I have already talked about pain numerous times, in fact three times (pain part 1,2,3), but this is a subject that people have a hard time understanding. So, I will do one more post to try to clarify things. The most important thing about pain that people should know is that pain is an output of the brain and that pain does NOT EQUAL TISSUE DAMAGE (1-5). It sounds almost crazy and scary but it is true. That is why sometimes you see people with lots of arthritis that have no pain and other people who have very little arthritis and have lots of pain. Pain depends on the situation, I will give an example: Imagine a soldier at war and a professional soccer player at a match, and they both experience the same devastating knee injury. For those two people the significance of their injury is going to mean two completely things. For the soldier it means he can get the hell out of there and go home, for the soccer player it means good-bye to his professional career and maybe even income. Take a wild guess and think who is going to experience more pain??

But anyway, let us get back to the topic at hand and try to clarify why pain moves. Pain is basically controlled by the nervous system, so imagine something happens to your back,  ¨nociceptors¨will send  this information to your spine and from there to the brain. Now, let us suppose this ¨injury¨ keeps bothering you for a while, and these ¨nociceptors¨ will be firing away 24/7 during this whole time. At the end, the pain becomes centralized. Now, this is where it gets interesting. Your spine is also receiving at the same time information from all the different parts of the body. Once the original pain has become ¨centralized¨, the spine can sometimes make an error and get confused with all the different types of information that it is receiving from its nerves (6). This confusion can lead to the pain moving from one place to another. Now, when this happens it doesn´t mean that you have injured yourself in a new area,  it just means that your central nervous system has made an error in its processing of the information.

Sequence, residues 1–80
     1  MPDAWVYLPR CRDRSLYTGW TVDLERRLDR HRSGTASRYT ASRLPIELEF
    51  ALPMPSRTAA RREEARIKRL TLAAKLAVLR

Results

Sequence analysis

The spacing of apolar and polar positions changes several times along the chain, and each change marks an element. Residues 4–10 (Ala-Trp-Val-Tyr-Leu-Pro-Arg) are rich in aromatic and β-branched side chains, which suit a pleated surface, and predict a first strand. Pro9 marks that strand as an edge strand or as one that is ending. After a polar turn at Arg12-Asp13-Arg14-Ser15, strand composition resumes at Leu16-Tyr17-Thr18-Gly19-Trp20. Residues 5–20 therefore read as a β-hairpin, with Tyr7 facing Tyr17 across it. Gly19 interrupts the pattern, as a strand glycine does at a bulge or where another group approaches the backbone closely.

Hope you liked it.

 

  1. Flor H, Nikolajse Li, Stachelin Jensen T. Phantom limb pain: a case of maladaptive CNS plasticity.Nat Rev Neuroscience 2006 Nov;7(11):873-81.
  2. Flor H, Braum C, Elber T, BIlbaumer N. Extensive reorganization of primary somatosensory cortex in chronic back pain patients. Neuroscience 1997: March 7.224(1)5-8.
  3. Ren K, Dubner R. Central nervous system plasticity and persistent pain. J Orofac. Pain.1999.Summer.13(3):155-63.
  4. Kim S, Lee Hoo T, Lim Mee S. Prevalence of Disc Degeneration in Asymptomatic Korean Subjects. Part 1: Lumbar Spine. Journal of Korean Neutrosurgical Society 2013 January;53(1): 31-8.
  5. Kendrick D, Fielding K, Bentler E, Kerslake R, Miller P, Pringle M. Radiography of the lumbar spine in primary care patients with low back pain: Randomized controlled trial. BMJ 2001;322:400-05.
  6. Hargrove T. A guide to better movement.  Better movement 2014. pg 101-4.

 

THE BOSS -The Central Nervous System-

Most people know that the central nervous system (CNS) is the part of the nervous system consisting of the brain and spinal cord, and that is about it. But most people don´t know the importance of it and how it affects us in things like dealing with pain, strength, flexibility and a thousand other things (1-4). Let me explain.

 

Most of the information the body gets from our nerves arrives at our CNS and the CNS is going to decide what to do with that information. So for example, when you cut yourself in the hand, that is going to activate nociceptors that are going to reach your CNS. Your CNS will decide what to do with that information, so it could either ignore it or produce an ¨ouput¨ like pain (4). If you don´t believe me, just try to remember the times you have had a ¨black and blue¨and didn´t remember where that came from. You see, pain is an output of the brain to try to protect us, but if the brain decides for whatever reason (a lion chasing us down the street) that pain is not good, it is going to ignore that and concentrate itself on more important things. So, always remember that pain does not equal tissue damage and that pain is an output of the brain.

 

So, what about flexibility or stiffness? Well, recent studies have shown that that is probably controlled by the CNS also (2-3). You see, excess flexibility creates the threat of injury.  So to control this the CNS sends information to stiffen the muscle. When we stretch and gain flexibility we  aren´t stretching the muscle (although it feels like it), instead what we are doing is sending information to the brain, saying ¨hey, it is ok, the movement is under control and is not going to produce any harm, could you loosen up a little?¨

 

The same thing can be said about strength and fatigue. Also, when we go to the massage therapist or physical therapist and they say we have a ¨knot¨ and that is producing your pain and  that they are going to take it away. Well, they probably don´t take it away, what they are doing is sending information to the CNS and if the CNS decides that what they are doing is ¨nice¨ and ¨effective¨, it will send down commands  for the muscle to relax but if the CNS doesn´t like the ¨information¨ that it is receiving, the treatment will probably not work.

The brain  is the real boss in our body. We have to embrace it, protect it and take care of it. One way to do it is exercise. Even if it´s mindless! And when we warm-up to exercise, remember to warm up the CNS also. One easy way to do it is imagining  beforehand the movement you are going to practice, studies have shown that it will help (1).